Pledge R86 for 86 years of making a difference!
St. Joseph’s Home’s unique inclusive play park for its young patients is currently in focus in the DSTV ad campaign to kick off the “Keep them smiling” summer campaign. The all-new play park that has been specially customised for children with disabilities has added a new dimension to the care and rehabilitation that vulnerable children facing life-limiting conditions receive at the 175-bed paediatric intermediate facility in their journey to recovery.
In fact, St. Joseph’s Home for Chronically Ill Children in Cape Town has been providing 24-hour specialised and general nursing care, as well as rehabilitation for children with life-threatening and life-limiting conditions for 86 years and the amount of R86 will help them continue to provide the free care to the medically fragile children.
“Although we are sometimes mistaken for an orphanage, we are a fully fledged, multidisciplinary paediatric facility,” explains Christa Robijn, St. Joseph’s Resource Development Manager, adding, “we not only provide 24-hour nursing care, but holistic care and support in the form of occupational therapy, dietetics, social work, physio, speech therapy and educational support. Our little ones may be on the road to recovery, but they are still children. Just like other children, these kids deserve all the love, care and, of course fun, we can provide”.
Despite the continued challenges presented by the COVID-19 pandemic, St. Joseph’s has had a very busy year with a lot of its fundraising activities moving online, such as the Happy Nappy Drive (June to August) and the ongoing Stellenberg Gardens Virtual Tour, which so far has raised more than R100 000 for the home and its special, young patients.
The current “Keep them smiling” summer campaign is aimed at raising funds for the home and partnering with retailers, manufacturers and suppliers of baby and children’s products. Says Christa Robijn: “With the launch of our summer campaign, we aim to raise R300 000 to help us fill the gap that comes with stocking up on summer supplies, such as baby toiletries, summer shoes and clothes, arts and craft supplies and toys, to name a few.”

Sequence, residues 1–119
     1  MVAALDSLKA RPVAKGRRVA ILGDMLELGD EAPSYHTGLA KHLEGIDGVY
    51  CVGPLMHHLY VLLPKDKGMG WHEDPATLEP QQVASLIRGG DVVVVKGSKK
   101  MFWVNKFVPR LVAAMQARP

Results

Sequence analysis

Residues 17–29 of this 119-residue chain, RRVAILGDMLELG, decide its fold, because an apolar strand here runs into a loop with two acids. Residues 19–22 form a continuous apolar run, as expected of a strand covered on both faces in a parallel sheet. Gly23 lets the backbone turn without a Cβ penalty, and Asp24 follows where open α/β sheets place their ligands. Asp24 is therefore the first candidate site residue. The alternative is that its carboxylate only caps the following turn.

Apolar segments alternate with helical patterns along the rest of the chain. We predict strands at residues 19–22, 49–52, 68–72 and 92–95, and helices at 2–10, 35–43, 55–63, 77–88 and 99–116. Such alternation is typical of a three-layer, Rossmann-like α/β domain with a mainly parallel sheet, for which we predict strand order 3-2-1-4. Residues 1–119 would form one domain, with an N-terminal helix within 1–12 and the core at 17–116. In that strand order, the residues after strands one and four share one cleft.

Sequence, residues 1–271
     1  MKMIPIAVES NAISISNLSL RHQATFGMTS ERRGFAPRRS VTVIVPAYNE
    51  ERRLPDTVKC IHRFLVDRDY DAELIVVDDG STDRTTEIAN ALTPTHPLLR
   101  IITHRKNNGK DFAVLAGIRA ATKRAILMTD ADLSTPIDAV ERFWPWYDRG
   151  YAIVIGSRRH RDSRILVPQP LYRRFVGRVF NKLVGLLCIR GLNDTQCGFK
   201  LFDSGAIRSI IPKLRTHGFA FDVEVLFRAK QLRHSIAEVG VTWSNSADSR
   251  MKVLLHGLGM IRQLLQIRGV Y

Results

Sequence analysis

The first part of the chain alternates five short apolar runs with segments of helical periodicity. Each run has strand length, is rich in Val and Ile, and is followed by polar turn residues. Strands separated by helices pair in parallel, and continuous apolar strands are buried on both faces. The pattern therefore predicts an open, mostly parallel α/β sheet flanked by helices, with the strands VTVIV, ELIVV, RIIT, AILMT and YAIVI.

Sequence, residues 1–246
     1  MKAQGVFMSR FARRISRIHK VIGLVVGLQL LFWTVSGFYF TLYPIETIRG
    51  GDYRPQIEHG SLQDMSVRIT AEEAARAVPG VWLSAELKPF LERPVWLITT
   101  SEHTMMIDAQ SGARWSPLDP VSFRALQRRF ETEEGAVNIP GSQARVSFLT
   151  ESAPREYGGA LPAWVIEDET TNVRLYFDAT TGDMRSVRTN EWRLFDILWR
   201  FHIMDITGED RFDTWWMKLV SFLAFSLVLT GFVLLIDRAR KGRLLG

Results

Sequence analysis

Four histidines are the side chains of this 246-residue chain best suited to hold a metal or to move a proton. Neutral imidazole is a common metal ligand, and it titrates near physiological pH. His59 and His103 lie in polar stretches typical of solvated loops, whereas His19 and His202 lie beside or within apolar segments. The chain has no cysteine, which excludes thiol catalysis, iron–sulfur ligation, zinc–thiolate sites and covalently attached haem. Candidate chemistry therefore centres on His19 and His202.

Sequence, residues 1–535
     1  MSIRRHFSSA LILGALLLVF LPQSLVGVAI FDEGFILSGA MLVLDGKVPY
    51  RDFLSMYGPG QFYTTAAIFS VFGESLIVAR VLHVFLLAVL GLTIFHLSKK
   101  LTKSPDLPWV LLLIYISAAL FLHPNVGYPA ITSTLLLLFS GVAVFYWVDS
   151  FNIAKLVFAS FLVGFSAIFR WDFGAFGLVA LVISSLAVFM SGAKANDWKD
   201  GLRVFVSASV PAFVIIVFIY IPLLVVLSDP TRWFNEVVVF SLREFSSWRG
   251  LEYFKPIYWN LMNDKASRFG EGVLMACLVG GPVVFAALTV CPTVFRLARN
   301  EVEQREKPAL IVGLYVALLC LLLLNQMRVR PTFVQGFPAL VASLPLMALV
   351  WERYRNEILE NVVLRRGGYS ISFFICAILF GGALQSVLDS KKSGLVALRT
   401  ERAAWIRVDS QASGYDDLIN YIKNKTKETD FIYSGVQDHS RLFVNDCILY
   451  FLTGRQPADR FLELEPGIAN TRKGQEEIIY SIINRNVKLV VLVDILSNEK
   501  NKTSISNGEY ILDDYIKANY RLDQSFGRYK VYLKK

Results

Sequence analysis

She adds: “For 86 years, St. Joseph’s Home has been giving medically fragile children a second chance at childhood. Our multi-disciplinary, intermediate services are offered at no cost to our patients and their families, so we appeal to the public to help us keep doing the good work by donating R86 for 86 years of St. Joseph’s holistic care. We believe in second chances and know our supporters do too.”
– The St. Joseph’s Home website: https://stjosephsipc.org.za/donate/
– SnapScan: https://bit.ly/3G6dMcH
– Webtickets: https://www.webtickets.co.za/v2/Event.aspx?itemid=1509457202
The power of playing: Seriously good fun!
The new inclusive play park at St. Joseph’s Home’s that was opened recently was designed from scratch to enable all the children at the facility to have the opportunity to explore, learn and play; but most of all, to relax, laugh and enjoy themselves outside in the fresh air.
“Play is for everyone,” says St. Joseph’s CEO, Christelle Cornelius. “It is essential to children’s development, shaping the way they interact with the world around them. It enables them to learn new skills, make friends and build self-confidence. Play also gives children opportunities to take risks and challenges. We are beyond excited and grateful to see how much our children enjoy their new playground.”
The design of the play park and its features was a collaboration between Square One architects, Afrilandscape and the clinical and therapy team at St. Joseph’s, as well as specialists in the field of inclusive equipment. Unique features are a wheelchair-friendly swing, a rope net swing for patients with limited physical abilities and play surfaces that are safe and supportive.
“We embraced our brief to provide a diverse play environment as an enticing escape from the children’s wards and adjacent school” explains Hugo van Niekerk, professional landscape architect at Square One. “Knowing the hardships the patients are faced with daily, we set out to create a playground that can be enjoyed by all children by incorporating multi-functional, universally accessible play spaces that allow children to connect with nature.”
And the proof of the pudding, as they say, is in the eating! St. Joseph’s young patients are loving their new, colourful and multifaceted playground in their own backyard.
St. Joseph’s Home for Chronically Ill Children
Located in Montana, Cape Town, and established in 1935 by the Pallottine Missionary Sisters, this beacon in paediatric care in Southern Africa has provided expert and hands-on nursing and rehabilitation for over 23 000 orphaned and vulnerable children.